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Family Experience and Well-Being


When you first hear that your child has a diagnosis of Autism Spectrum Disorder (ASD), you may feel a mix of emotions. But how you think about your child's diagnosis may be different from how other members of the family deal with this new information. Read below for a quick overview of the feelings you and other family members may have. Links to more detailed articles in the CAR Autism Roadmap™ appear at the end.

Parent's Point of View

You may feel anger, confusion, grief, loneliness, and perhaps even denial. You can easily become overwhelmed. It is important to remember to ask for help. Coping with your child's challenges can be very difficult and stressful. But, you don't have to do it alone. In order to provide care to your child, you need to care for yourself.

Siblings' Point of View

Some siblings will be curious about why their brother or sister suddenly has so many appointments. They may resent having to tag along to so many office visits. You may wonder how to explain the diagnosis and answer questions at a level that is appropriate for your child who does not have ASD. Some parents worry about whether they will be able to give equal time and attention to all of their children. Please know that most children accept their sibling on the autism spectrum as they do all their siblings.

Grandparents' Point of View

Grandparents may struggle to understand the ASD diagnosis. A common response from grandparents is "no, cannot be," or "the child doesn't look autistic." Some parents wonder why the grandparents don't simply accept the diagnosis and help support them. Some parents get frustrated if others question their ability to do what's best for their child. Recognize that it's hard for grandparents to see their children and grandchildren faced with challenges.

The Point of View of the Child on the Autism Spectrum

Depending on your child's age and cognitive ability, he or she may or may not have realized that he or she has received special evaluations that are beyond the scope of a normal doctor's visit. He or she may have already had questions about the necessity of these visits and how long they will continue. If your child is older at the time of diagnosis, he or she may have already been aware of differences from peers. Some children may feel relief at having an explanation for any perceived differences, others may worry what this new diagnosis means there is something "wrong" with them. Still others may not have the cognitive capacity to truly understand the diagnosis. Nonetheless, it is important to communicate with your child about the new circumstances – at least as much as to minimize worries and explain the need for any therapies or special programs which your child will be involved with. How and when you choose to tell your child about the diagnosis itself is up to you, but it is essential that from the beginning you help build your child's self-esteem and create an awareness that all people have things they are good at and things they need to work on.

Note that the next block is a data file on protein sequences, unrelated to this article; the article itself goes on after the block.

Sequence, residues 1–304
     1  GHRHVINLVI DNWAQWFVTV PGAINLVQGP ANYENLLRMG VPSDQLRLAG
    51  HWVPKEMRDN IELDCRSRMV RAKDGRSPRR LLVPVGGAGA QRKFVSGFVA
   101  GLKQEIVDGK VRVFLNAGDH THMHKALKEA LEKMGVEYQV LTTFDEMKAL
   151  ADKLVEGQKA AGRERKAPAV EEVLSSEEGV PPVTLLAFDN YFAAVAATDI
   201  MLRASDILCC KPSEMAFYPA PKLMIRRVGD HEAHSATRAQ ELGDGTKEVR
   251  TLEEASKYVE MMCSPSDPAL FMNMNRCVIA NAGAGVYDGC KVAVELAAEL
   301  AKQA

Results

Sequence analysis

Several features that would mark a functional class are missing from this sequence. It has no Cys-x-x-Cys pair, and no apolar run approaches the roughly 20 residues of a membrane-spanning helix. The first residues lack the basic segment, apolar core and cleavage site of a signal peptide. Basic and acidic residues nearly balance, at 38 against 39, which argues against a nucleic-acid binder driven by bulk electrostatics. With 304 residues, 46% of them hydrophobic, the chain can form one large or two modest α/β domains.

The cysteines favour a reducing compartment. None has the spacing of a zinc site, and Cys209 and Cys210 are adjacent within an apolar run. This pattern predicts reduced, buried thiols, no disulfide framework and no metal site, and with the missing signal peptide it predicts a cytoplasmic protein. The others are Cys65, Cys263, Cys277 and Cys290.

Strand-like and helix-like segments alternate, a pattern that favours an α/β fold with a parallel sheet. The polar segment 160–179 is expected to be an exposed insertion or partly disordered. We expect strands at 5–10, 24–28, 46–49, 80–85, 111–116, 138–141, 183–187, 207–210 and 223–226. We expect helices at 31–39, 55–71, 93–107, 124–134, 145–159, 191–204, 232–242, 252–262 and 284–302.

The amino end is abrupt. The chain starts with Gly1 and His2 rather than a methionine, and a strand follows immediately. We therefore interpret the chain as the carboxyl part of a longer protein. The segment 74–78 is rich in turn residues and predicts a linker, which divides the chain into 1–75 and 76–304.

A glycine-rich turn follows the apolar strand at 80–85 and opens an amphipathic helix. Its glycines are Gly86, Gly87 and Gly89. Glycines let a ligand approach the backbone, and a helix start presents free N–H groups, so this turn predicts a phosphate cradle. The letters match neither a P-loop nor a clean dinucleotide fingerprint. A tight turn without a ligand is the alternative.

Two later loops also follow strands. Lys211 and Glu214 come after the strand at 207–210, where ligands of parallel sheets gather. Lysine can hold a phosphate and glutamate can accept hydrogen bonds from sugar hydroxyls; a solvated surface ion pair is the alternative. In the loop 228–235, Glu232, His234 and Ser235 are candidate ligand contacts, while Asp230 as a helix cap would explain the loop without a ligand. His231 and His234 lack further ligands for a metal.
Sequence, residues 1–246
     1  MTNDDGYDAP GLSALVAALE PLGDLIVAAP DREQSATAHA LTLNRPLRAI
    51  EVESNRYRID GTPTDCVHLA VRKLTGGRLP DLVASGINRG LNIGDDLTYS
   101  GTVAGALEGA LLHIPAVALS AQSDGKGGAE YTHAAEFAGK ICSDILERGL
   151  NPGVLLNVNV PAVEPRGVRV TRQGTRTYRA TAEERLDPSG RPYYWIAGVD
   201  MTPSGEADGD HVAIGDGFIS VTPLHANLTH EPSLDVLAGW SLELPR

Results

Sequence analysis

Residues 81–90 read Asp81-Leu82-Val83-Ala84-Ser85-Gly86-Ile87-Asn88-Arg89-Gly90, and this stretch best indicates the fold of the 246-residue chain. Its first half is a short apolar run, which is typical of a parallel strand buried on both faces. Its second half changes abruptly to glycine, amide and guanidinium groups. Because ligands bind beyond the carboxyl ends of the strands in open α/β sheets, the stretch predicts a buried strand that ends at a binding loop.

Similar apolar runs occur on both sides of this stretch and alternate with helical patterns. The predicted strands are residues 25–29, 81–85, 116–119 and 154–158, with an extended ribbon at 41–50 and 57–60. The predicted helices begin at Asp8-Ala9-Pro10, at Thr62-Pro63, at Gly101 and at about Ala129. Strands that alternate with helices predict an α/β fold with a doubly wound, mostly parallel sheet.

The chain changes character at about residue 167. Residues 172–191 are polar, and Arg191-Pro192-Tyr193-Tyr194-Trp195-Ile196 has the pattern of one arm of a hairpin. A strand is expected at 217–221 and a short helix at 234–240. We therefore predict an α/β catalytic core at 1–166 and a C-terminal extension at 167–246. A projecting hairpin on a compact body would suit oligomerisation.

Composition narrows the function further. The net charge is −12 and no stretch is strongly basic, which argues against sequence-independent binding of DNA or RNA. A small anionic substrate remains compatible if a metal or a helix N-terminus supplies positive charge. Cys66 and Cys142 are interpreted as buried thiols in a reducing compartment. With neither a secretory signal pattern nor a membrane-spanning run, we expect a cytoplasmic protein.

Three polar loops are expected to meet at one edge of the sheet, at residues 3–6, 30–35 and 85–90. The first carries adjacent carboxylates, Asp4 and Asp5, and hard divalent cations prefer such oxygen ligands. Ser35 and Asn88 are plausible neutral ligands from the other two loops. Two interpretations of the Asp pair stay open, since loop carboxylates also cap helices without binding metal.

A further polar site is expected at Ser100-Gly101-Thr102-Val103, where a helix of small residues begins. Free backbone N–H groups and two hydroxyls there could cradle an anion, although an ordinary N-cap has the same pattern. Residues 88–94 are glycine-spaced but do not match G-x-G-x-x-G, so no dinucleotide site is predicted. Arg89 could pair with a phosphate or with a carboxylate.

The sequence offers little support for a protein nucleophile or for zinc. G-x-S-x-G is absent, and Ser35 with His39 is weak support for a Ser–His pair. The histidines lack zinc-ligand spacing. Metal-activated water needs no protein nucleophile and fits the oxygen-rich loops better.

Additional Resources:

The Center for Autism Research and The Children's Hospital of Philadelphia do not endorse or recommend any specific person or organization or form of treatment. The information included within the CAR Autism Roadmap™ and CAR Resource Directory™ should not be considered medical advice and should serve only as a guide to resources publicly and privately available. Choosing a treatment, course of action, and/or a resource is a personal decision, which should take into account each individual's and family's particular circumstances.